"With the assistance of several other federal employees, they moved a comfortable couch into the room, along with an electric heater, blanket and two plump pillows - complete with pillow cases," he notes. "When the contractors are napping, the door is locked and cannot be opened from the outside."
The official says when other federal employees tried to put a stop to the "fledgling motel," nobody higher up would listen.
"I went to the (inspector general's) office, but they weren't interested," he says.
The Telecommunications Service Office is part of Interior's National Business Center.
Republican wise guys on Capitol Hill are distributing the "Official 2004 Democratic National Committee Convention Program," or so they insist.
The schedule of events includes a series of antiwar rallies, each followed by Sen. Ted Kennedy proposing a toast; a re-enactment of John Kerry's fake medal toss; tributes to Spain and France; and a homosexual "marriage" ceremony.
We'll let you know when Democrats obtain the "official" agenda of the Republican National Convention.
The Committee for the Study of the American Electorate was rightfully concerned that inevitable mudslinging in the 2004 presidential campaign would commence early, causing many American voters to eschew the ballot box.
"The Bush presidency is the most polarizing of any since that of Lyndon Johnson," CSAE director Curtis Gans said last month. "Election 2004 will be played out on the field of ... strong emotions."
Thus, Gans conceded, it is in President Bush's interest to run a "relentlessly negative" campaign against Democratic challenger John Kerry, making his opponent the issue as much as possible. Yet it is not in Kerry's interest to respond in kind, he said, at least in his TV advertising.
If the Democrat did, he warned, the public would become buried by a barrage of negative campaigning, and come to believe neither candidate worthy of their votes. Here we are in mid-April and that scenario is playing out.
"In race for president, voter fatigue already sets in," blares the front-page headline in the Kansas City Star.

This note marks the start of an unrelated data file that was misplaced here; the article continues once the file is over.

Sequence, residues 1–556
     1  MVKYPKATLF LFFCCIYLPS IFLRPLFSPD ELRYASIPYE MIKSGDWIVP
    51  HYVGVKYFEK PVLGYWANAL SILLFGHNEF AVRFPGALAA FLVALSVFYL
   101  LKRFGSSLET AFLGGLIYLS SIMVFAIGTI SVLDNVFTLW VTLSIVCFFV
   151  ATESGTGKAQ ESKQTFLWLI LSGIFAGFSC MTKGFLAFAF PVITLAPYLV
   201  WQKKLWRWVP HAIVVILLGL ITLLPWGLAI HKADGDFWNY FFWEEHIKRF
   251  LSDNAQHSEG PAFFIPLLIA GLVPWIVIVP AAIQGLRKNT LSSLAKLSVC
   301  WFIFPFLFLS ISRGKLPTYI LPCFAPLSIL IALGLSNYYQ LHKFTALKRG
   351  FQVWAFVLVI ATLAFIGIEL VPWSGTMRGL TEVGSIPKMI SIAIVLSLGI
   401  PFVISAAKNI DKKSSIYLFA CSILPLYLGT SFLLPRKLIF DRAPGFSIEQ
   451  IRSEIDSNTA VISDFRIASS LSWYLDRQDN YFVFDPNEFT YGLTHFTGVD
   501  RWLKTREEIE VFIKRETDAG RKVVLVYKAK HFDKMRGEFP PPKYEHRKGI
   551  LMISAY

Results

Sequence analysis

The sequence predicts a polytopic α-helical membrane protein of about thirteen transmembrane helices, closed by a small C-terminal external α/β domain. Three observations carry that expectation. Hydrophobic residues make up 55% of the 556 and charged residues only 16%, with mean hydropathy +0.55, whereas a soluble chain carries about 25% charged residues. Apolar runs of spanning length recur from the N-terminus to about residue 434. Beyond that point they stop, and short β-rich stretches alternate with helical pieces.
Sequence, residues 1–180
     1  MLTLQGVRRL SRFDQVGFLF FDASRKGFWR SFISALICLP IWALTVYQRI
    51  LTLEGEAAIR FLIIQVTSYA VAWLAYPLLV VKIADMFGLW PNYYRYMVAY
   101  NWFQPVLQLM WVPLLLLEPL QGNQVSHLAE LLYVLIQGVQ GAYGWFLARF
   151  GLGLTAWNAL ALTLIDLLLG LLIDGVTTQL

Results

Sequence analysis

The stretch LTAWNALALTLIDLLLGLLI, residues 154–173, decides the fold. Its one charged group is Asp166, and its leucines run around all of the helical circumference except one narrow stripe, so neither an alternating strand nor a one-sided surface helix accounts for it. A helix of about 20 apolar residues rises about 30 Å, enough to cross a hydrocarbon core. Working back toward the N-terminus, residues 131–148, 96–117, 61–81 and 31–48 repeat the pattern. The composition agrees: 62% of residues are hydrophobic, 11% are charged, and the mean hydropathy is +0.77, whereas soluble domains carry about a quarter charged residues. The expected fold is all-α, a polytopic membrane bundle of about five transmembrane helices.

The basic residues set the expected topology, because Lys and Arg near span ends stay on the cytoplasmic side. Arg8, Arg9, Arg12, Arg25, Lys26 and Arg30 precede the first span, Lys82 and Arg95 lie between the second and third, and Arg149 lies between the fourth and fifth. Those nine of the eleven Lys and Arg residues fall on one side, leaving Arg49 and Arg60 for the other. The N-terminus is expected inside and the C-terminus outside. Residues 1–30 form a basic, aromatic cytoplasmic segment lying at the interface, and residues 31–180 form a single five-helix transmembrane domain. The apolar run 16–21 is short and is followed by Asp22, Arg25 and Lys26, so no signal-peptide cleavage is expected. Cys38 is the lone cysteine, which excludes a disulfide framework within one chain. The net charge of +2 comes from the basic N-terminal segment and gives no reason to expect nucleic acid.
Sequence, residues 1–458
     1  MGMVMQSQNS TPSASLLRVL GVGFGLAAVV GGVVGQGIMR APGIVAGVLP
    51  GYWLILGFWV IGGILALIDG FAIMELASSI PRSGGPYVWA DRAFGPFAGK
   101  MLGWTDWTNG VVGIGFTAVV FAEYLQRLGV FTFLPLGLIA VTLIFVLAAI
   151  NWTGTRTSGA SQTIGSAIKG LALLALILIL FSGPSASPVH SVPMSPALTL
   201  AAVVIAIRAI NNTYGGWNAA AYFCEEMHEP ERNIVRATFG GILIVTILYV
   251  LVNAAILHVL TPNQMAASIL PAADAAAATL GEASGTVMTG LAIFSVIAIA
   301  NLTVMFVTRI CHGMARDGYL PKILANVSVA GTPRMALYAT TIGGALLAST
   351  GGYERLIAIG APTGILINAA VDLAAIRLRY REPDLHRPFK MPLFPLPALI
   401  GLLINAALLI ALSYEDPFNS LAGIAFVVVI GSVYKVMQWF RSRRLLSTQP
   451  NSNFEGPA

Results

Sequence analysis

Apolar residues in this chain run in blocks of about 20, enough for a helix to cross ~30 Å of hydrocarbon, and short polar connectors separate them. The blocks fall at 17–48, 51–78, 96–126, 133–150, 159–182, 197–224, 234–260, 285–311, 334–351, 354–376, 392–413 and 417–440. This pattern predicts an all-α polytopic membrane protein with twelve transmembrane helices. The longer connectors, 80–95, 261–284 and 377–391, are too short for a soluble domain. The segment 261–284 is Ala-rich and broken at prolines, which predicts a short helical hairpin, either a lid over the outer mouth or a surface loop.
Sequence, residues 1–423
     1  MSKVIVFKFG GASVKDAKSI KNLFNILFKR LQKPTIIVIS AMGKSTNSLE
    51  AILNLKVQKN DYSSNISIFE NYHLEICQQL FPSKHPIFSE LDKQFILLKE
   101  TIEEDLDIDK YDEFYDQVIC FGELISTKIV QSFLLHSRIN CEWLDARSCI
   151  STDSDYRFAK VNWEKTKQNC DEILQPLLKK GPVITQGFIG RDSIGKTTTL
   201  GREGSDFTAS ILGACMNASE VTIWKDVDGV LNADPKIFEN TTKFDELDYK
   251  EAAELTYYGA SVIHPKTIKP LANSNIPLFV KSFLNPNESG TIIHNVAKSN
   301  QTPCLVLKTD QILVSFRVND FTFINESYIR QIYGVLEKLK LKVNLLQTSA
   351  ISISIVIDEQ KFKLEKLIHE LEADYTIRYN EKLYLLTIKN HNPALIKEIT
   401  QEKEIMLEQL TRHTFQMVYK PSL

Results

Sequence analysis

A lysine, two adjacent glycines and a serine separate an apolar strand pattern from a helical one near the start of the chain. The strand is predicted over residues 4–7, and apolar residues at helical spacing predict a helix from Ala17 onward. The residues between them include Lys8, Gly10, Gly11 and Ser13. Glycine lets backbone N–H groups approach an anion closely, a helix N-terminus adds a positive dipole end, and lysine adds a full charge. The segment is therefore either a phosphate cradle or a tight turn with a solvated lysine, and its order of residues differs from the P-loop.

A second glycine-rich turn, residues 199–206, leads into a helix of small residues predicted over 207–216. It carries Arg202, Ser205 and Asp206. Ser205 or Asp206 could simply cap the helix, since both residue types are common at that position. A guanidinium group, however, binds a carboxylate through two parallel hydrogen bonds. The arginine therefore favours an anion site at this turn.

"Connie Greene, a Kansas City mother of three, has a message for the two major campaigns for president: 'I'm fed up with it. It's getting out of hand.' So far out of hand that Greene is tempted to turn off her TV before she sees any more," writes reporter Steve Kraske, who adds:
"If Greene is fed up now, imagine how she and much of America will feel come September, much less November. Never before have Americans been exposed to such an all-out, full-scale presidential campaign this early in an election year."
Republican pollster Neil Newhouse of Public Opinion Strategies suggests that Americans will get a breather from the blitz of negative TV spots, at least until both parties' conventions convene this summer.
"I don't think we can sustain this level of intensity," Newhouse told the Star. "It's hard to believe that people aren't going to get burned out pretty quickly."
Marijuana remains one of this country's most popular highs, so this week the National Organization for the Reform of Marijuana Laws kicked off its 2004 National Conference Tuesday in Washington with the election-year slogan: "We're here, we smoke, we vote."
Day one had participants converging on Capitol Hill to lobby on behalf of various marijuana-reform bills. Days two and three consist of panel discussions on everything from "pot and your health" to "how not to get busted."
"I urge those who oppose marijuana prohibition and the continuing arrest of hundreds of thousands of responsible marijuana smokers annually to join us in the nation's capital," said NORML President Keith Stroup.